• Zactly. This happened in MUDs and even on IRC. Scripting is lots of fun for people who understand it but really hard to explain to people who don't get it. Really, scripting is a meta-game - a game about the game. That makes it kind of inaccessible and less important to most people.

        That said, I'm a coder and I've really been meaning to dig into the Lua interfaces for WoW, even though the functionality there doesn't approach the level you're talking about (afaik).
    • by Anonymous Coward
      So what's the point for a player to pay a monthly fee if they're going to be playing alongside hundreds of stupid AI characters. There's a name for such things - OFFLINE games.

      Putting AI into the game might be good for *your* character, but it sucks for everyone else who has to interact with it.
  • Hmm... (Score:5, Informative)

    by Aladrin (926209) on Friday May 12, 2006 @02:27PM (#15319880)
    I played FFXI the other day. For $30, I got the game and a 30 day trial for me, and another free trial for a friend. I uploaded the game to him (He's in Norway) and we eached played for a while. I cancelled after about 2 weeks. I think he cancelled closer to the end of the month.

    It was total grind-ville. There was nothing to do but grind. Want to hunt? Grind. Want to make potions? Grind. Want to fish... Okay, you could fish a bit without grinding much. But only a bit. And only after you earn enough money for a fishing pole and bait.

    I spent the first 2 hours walking. Not looking and talking to people. Walking. I was looking for a way out of town so I could hunt. Once I finally found it, I killed a couple things, got hurt and wandered back through town to rest and get healed. I eventually stopped a passerby in the field and asked if there was another way (no mention in the manual) and she said it was a certain button on the gamepad. (I was on PC, she PS2.) I thanked her and started the button hunt again. It turns out, after you hit the button there's a pointless 2-3 second delay, and then the animation begins. Grinding went a little quicker after that, but was always still grinding. (Kill, kill, rest, repeat.)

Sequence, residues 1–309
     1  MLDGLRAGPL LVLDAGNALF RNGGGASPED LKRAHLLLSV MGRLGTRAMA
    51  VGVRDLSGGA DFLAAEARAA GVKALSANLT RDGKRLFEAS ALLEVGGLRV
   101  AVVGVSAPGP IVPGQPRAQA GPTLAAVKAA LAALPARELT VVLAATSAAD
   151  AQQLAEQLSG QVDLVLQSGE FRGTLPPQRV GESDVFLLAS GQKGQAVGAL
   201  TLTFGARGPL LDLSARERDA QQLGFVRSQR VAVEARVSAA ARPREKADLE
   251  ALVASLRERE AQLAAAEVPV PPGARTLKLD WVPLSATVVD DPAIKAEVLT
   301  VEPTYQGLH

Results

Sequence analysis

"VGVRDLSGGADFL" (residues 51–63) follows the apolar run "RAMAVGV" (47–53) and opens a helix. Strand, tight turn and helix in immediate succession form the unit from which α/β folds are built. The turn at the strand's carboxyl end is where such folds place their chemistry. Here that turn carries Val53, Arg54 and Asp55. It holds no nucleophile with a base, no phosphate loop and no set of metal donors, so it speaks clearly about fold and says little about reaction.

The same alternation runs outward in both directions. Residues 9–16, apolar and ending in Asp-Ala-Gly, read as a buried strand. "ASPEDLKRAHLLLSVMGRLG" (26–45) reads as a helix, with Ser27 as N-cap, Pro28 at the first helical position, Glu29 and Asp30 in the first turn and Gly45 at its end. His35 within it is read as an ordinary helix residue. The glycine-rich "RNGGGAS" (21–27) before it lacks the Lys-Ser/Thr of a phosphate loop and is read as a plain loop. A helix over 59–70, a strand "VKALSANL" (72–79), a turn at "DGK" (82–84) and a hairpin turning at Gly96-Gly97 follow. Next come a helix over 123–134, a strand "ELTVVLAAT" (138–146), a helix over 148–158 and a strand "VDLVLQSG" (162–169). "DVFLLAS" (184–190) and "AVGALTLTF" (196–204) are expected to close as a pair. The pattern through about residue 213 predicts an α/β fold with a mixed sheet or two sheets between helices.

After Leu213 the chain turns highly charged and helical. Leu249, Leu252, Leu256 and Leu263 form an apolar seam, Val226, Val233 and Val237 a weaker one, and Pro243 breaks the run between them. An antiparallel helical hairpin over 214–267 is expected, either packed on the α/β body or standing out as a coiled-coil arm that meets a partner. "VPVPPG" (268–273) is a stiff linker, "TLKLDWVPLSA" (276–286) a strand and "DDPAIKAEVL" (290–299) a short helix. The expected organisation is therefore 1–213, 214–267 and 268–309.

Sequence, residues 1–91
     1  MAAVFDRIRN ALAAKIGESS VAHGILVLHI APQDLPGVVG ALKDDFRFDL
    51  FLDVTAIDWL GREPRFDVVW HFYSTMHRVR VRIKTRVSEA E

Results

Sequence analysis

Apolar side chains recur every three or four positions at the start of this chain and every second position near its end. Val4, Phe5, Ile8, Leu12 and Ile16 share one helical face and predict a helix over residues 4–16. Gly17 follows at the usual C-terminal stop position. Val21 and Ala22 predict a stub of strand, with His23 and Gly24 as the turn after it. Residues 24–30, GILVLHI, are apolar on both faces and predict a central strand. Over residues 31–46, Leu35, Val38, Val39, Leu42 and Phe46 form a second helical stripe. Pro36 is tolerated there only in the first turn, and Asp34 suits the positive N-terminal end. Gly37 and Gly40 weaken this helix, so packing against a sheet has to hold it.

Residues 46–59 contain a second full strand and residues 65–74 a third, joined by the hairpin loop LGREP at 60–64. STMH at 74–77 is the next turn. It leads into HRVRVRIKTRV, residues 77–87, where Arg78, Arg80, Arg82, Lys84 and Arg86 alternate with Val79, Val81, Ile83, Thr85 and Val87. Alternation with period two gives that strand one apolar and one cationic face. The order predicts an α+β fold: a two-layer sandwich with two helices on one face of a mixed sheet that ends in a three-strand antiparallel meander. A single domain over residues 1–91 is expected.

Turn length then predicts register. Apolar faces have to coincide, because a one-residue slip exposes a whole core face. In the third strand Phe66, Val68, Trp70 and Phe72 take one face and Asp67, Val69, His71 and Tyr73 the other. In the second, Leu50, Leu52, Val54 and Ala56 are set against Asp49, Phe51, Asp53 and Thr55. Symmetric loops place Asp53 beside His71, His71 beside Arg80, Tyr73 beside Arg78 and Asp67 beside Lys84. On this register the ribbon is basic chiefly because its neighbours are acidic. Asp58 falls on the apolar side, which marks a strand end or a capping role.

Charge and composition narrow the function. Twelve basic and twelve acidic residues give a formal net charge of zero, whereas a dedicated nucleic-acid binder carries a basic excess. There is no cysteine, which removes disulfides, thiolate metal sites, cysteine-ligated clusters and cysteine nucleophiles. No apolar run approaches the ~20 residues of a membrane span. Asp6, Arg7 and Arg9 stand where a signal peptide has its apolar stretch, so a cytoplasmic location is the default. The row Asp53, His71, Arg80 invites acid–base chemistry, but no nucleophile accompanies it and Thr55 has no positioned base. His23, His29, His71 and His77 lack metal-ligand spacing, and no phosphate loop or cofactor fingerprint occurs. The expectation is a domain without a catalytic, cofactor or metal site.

As for GW: Factions... I played the PvE of the original Guild Wars for 260+ hours before I finally got bored. For a person who thinks 40 hours games are long these days, that's pretty impressive.

    Now, I have a full time job and don't have the time I used to dedicate to gaming, but it's excessively hard to find the time needed to sit down and do a mission on GW Factions now. I need to dedicate at LEAST an hour, probably 2-3 because there are so many noobs that think Assassins are cool and they can play them like a warrior. The usual solution is to just reject any group that has an Assassin in it. Since most groups are doing this anyhow, good groups aren't as rare as they could be. It still takes time, though, to find any group at all.

    The first mission you get if you sail your character to Cantha requires that not only you find a group, but that you get lucky and another group from another area isn't totally stupid, too. You each have to keep a single character alive through many swarms of mutants. It's not hard, but you HAVE to heal your NPC. It's a small nightmare. (I won't even mention that that quest glitches quite often and the NPCs stop moving, and you can't go on. Ooops, I did anyhow, didn't I?)

    Once you get past that mission, things liven up quickly, but it's a real downer at first. I've only managed to put 10-15 hours into it so far, so there's still a chance to have the kind of fun I had in the original. We'll see.